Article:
Then lo and behold, there was the macrobiotic guru Michio Kushi, walking along with his wife and another Japanese friend, perusing the circus of natural products at the expo. Counting macrobiotics as one of the major past influences of my career, steeped in the teachings of George Ohsawa, Michio Kushi and a few others whom I consider as heroes, I found myself like one of my own admirers mentioned above, walking up to the gaunt, mid-80s Kushi, shaking his hand and thanking him for the powerful influence he has had on my life.

I remembered how many questions I had always wanted to ask him, such as “Why did Ohsawa reverse the definition of Yin and Yang, making macrobiotics obsolete for Chinese acupuncturists?” But realizing that I had already answered those questions satisfactorily for myself, I let it pass, just grateful for shaking his warm hand and thanking him for his brilliant teachings.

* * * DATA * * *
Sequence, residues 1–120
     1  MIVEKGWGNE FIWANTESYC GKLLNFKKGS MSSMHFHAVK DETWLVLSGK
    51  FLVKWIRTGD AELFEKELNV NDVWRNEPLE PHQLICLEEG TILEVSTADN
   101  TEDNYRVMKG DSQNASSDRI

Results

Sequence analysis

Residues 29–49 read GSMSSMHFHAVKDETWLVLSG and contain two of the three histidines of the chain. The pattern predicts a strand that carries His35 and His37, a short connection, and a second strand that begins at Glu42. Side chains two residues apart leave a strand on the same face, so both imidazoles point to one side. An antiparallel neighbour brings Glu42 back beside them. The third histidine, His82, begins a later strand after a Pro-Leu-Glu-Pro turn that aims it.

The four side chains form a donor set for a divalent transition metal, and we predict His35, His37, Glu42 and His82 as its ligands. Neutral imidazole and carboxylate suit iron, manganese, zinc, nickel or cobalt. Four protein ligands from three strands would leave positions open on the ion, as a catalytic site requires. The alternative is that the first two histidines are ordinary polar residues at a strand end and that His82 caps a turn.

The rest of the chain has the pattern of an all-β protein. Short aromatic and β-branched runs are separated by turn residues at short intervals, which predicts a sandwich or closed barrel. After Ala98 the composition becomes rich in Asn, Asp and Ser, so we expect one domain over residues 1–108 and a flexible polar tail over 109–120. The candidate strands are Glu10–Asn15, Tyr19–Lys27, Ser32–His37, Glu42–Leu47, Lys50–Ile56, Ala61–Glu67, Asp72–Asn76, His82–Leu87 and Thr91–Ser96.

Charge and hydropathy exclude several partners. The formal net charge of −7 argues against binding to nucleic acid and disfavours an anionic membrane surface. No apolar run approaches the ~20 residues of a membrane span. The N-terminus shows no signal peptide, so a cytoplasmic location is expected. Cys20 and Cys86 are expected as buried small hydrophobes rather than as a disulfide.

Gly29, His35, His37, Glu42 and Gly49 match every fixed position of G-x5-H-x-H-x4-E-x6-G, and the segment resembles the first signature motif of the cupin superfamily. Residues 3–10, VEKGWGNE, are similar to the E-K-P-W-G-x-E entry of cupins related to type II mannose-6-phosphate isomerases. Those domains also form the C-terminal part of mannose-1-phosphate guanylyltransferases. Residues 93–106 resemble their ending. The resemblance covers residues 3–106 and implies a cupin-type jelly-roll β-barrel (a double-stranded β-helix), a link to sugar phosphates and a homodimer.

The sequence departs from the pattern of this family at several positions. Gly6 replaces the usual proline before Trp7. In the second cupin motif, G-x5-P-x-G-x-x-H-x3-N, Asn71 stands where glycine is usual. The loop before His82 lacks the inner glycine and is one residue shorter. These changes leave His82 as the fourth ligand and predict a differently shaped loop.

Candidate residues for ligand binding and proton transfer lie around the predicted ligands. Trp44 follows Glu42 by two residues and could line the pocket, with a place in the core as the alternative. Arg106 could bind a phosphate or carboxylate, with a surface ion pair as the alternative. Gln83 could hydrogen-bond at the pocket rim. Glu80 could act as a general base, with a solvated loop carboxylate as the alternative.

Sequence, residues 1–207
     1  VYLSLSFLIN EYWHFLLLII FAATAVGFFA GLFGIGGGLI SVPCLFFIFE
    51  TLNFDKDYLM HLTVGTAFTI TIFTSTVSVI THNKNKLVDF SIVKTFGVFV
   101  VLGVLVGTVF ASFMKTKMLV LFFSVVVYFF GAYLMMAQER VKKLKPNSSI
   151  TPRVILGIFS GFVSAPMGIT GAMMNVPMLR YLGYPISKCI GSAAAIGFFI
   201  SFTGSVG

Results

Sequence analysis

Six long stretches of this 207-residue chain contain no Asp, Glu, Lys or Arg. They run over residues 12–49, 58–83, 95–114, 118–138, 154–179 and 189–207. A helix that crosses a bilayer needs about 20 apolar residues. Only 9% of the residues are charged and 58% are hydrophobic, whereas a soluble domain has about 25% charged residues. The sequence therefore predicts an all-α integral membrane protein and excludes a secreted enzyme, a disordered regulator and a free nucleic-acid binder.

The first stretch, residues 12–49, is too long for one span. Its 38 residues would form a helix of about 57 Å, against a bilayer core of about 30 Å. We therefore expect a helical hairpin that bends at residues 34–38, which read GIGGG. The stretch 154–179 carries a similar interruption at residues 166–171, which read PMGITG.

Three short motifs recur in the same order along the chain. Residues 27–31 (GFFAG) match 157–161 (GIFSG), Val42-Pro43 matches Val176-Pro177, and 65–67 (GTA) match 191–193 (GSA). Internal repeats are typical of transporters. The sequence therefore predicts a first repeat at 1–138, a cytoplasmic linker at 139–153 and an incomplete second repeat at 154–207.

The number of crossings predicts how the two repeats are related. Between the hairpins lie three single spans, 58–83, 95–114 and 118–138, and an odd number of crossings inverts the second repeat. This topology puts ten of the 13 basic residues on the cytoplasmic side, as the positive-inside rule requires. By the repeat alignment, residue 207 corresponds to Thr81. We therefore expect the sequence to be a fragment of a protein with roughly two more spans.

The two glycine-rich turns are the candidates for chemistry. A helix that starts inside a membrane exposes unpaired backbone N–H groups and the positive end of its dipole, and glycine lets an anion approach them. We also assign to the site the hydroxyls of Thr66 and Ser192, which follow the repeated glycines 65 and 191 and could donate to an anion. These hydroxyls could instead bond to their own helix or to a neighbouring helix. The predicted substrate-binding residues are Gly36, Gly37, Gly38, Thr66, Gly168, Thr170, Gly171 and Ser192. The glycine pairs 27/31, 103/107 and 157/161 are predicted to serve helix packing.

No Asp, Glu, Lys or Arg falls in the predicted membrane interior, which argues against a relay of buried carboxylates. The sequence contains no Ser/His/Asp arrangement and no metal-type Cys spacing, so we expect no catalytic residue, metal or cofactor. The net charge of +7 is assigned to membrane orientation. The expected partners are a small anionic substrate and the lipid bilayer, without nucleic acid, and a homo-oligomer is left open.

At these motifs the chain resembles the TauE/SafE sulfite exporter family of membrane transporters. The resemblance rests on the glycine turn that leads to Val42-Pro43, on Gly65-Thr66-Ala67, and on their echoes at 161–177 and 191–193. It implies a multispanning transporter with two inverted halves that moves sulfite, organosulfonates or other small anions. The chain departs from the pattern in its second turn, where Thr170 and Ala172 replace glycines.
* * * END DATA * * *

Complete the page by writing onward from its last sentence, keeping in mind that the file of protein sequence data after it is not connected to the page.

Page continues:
In the old days when I was a beatnik and later living as a hippie in Haight Ashbury, we had a name for people who frequented the places where we congregated and lived on the weekends or evenings after a “straight” job: we called them “weekend warriors.” At the Natural Food Expos it seems the reverse; the liberals and ex-hippies who attend the events donning suits and ties, fancy and straight garb, are like weekend warriors in reverse, so to speak. They really are a dizzying array of contenders in the industry who are vying for greater credibility and respectability as they try to make a buck for what are essentially the simplest things: good quality, wholesome, organic foods and products.

But like any other commercial enterprise, it is nothing short of astounding to see what some people are willing and trying to do to make money – better paper, better water, better whole grains, better bags to carry the stuff around in, questionable overpriced homeopathic products — the emperor parading in the booths up and down the isle indeed wearing no clothes, but no one dares to say so (after all, they paid their several thousand dollars to be there, and they have as much a right as anyone to their B.S.).

So the shows are actually fun for two to a maximum of four hours … and then, as your gut feels a little queasy from the mixture of who knows what you ate as you were grazing from the thousands of free samples, which you begin to realize that like other such things were there may be inevitably more sham than virtue, it becomes tiresome and you’d really like to leave.